Think the Dow’s stocks are nothing but a bunch of stuffy, boring blue chips? Think again. These four names might be Dow components, but they’d be just as comfortable in the tech-heavy, high-growth Nasdaq Composite or in a pure ‘growth’ portfolio. And, they’ve got the numbers to prove it.
International Business Machines
Strong economy? Great! Weak economy? That’s OK, too. International Business Machines (NYSE:IBM) can ramp up revenue and earnings no matter what the environment is like. In fact, its survival and sustained growth even during the heart of the 2008-09 crisis is almost of “sold their souls to the devil” proportions.
How does IBM do it? It’s got a lot to do with the business model. The International Business Machines of yesteryear sold a lot of hardware, and as such, ebbed and flowed with the economic tide. The modern-day IBM sells a lot of contracted services, which means recurring (and high-margin) revenue. The only thing the company has to do is add new recurring revenue customers. That’s a big part of the reason why at no point during the past eight years have trailing 12-month earnings moved lower.
Bottom line: IBM has averaged earnings growth of more than 16% for the past five years.
I’ll be the first to acknowledge Cisco (NASDAQ:CSCO) drives me nuts. The company gets into and out of businesses at the drop of a hat, without ever really seeing what kind of market share it can garner. The FLIP video camera is one of its better-known short-lived ventures; the company introduced the line in 2009 via an acquisition of the brand from Pure Digital, then axed the product altogether in 2011 when it didn’t do as well as hoped.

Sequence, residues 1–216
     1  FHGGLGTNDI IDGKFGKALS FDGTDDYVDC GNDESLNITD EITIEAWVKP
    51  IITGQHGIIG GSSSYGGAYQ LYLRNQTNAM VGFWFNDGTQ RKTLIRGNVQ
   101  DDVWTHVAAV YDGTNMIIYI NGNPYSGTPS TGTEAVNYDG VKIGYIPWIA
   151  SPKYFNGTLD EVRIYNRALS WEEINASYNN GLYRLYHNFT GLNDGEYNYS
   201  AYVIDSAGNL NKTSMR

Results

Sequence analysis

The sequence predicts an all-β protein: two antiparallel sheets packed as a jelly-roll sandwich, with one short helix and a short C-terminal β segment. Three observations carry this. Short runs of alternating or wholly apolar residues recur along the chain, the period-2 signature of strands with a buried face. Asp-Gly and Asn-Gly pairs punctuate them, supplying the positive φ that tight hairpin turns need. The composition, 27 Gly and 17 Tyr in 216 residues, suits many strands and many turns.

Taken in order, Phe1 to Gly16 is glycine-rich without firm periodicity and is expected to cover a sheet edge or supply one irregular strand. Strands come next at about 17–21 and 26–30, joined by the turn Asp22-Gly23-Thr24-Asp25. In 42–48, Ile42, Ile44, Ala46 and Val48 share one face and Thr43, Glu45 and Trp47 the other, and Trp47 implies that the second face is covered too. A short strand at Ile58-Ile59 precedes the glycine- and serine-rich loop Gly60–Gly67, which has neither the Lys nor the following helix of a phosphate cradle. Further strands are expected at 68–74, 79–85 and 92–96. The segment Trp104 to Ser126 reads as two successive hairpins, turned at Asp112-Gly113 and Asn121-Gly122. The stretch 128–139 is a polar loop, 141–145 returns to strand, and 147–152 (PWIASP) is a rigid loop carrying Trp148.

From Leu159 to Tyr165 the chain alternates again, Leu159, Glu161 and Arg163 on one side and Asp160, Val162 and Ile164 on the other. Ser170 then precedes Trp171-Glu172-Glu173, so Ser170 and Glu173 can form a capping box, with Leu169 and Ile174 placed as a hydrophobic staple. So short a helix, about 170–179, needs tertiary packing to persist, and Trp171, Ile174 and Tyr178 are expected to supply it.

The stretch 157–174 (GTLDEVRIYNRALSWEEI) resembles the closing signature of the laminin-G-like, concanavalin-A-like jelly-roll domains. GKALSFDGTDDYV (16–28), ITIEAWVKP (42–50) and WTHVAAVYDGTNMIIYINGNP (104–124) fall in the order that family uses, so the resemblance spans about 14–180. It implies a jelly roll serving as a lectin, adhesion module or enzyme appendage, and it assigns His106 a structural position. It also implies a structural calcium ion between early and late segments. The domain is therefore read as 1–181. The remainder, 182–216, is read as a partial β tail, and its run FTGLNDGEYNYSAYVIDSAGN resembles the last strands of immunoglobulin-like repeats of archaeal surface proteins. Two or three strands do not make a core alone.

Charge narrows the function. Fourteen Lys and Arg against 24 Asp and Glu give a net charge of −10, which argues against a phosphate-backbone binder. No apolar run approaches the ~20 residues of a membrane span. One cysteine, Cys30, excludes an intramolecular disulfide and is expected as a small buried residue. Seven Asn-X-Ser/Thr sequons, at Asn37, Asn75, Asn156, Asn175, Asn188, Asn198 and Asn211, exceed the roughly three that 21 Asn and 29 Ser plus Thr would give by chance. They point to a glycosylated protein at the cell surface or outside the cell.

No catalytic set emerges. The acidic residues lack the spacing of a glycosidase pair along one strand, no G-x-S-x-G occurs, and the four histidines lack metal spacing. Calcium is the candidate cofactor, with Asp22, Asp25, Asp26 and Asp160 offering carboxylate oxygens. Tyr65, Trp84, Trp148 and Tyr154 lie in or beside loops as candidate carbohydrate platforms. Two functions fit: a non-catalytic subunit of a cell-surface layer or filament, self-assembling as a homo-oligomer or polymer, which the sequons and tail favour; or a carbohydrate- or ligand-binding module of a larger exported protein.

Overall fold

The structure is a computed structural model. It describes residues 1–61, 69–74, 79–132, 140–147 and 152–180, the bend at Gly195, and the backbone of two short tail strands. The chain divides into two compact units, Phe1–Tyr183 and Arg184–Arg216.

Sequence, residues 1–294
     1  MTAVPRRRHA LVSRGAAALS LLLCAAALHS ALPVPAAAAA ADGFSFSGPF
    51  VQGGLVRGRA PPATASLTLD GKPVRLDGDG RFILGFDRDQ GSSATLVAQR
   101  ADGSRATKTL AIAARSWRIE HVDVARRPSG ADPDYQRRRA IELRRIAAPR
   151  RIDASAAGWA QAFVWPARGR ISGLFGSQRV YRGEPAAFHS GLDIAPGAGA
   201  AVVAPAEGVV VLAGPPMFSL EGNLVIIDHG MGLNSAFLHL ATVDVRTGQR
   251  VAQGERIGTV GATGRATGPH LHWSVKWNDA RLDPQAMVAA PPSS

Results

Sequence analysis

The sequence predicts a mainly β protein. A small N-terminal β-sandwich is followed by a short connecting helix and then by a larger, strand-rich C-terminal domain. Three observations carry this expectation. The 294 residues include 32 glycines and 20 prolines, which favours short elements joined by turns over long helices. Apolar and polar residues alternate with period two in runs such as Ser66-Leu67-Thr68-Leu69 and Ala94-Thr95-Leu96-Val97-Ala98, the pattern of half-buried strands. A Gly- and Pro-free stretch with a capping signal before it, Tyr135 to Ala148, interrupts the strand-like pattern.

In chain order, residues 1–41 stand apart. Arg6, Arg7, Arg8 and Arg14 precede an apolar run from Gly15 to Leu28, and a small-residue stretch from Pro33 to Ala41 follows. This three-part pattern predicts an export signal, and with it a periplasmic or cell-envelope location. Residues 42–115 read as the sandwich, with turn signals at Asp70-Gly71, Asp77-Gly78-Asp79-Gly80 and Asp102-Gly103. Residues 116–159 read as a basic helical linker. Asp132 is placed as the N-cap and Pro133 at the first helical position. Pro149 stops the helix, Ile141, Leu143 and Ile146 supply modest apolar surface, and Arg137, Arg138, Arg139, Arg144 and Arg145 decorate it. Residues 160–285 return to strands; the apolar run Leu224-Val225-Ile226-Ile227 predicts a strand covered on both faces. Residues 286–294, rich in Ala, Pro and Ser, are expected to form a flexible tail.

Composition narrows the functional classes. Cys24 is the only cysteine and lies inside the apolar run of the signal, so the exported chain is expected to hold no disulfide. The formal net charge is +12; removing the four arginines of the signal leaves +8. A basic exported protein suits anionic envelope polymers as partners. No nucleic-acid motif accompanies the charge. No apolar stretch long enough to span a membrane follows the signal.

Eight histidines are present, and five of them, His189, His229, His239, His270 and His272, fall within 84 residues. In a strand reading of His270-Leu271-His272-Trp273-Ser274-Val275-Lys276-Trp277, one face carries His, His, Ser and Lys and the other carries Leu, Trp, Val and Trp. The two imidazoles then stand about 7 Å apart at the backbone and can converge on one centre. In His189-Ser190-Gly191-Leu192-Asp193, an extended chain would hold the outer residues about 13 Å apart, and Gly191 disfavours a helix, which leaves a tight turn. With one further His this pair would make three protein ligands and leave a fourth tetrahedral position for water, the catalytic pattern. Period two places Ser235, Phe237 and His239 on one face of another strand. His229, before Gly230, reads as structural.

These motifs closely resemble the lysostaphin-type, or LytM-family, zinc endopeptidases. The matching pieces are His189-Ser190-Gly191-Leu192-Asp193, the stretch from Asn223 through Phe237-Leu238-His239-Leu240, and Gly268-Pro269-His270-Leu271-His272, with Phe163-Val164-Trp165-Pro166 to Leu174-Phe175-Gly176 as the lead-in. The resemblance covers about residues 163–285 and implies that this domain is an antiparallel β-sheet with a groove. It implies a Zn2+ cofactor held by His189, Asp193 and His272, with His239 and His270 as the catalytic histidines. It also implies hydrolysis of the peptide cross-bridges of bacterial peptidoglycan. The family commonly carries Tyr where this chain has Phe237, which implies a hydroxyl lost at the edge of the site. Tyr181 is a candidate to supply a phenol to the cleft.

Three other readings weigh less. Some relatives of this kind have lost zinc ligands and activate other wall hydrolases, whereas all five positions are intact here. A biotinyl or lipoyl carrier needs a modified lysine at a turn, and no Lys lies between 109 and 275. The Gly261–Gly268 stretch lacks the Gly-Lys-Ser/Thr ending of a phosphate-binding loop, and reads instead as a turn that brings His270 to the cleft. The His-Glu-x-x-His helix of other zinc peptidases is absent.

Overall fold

Funny thing, though … the Flip actually was getting a little traction and market share. All it might have needed was some marketing love, and the willingness to compete against smartphones with cameras and/or a wiliness to go into the “high-end” camera market where it would take on dedicated camcorders. Cisco did neither.
Yet, you have to admire the fact that Cisco never dipped into the red ink at any time within the past 10 years. Some periods were better than others, but all the spaghetti the company threw on the wall to see what stuck was 100% financed — and then some — internally. So, for proving its ability to try new things while milking its existing cash cows (to the point where it just posted its most profitable quarter ever in Q4 of 2011), Cisco gets a gold star for taking smart chances. One of ‘em will pay off sooner or later.
The airplane manufacturer? Yes, the airplane manufacturer — rumors of the aircraft industry’s death have been greatly exaggerated.
While it’s more like Cisco and less like Wal-Mart and IBM when it comes to consistency, Boeing (NYSE:BA) has managed to increase earnings by an average of 13% per year over the past five years — a period when most companies were struggling, and a period when the airline industry faced some major hurdles. But Boeing found a way through it, with the help of military contracts, and just posted its best-ever quarterly profit. Trailing 12-month income is close to record levels, too.
As it stands right now, the pros are saying per-share income is poised to fall from last year’s $5.33 to $4.46. The company topped estimates in all four quarters last year, and it’s unlikely earnings will fall at all — especially with the 787 Dreamliner finally ready for in-earnest deliveries. 2012 could be a banner year.
Say what you want to about the world’s largest retailer destroying the small-town “mom-and-pop” shops. It doesn’t change the fact that Wal-Mart (NYSE:WMT) has been growing like crazy, with almost as much consistency as IBM. Earnings have grown an average of 9% for several years now, and the retailing giant’s expansion plans say it will continue to grow at a 9% pace for the foreseeable future.
Now, who was it that said Dow stocks are boring?
As of this writing, James Brumley did not hold a position in any of the aforementioned securities.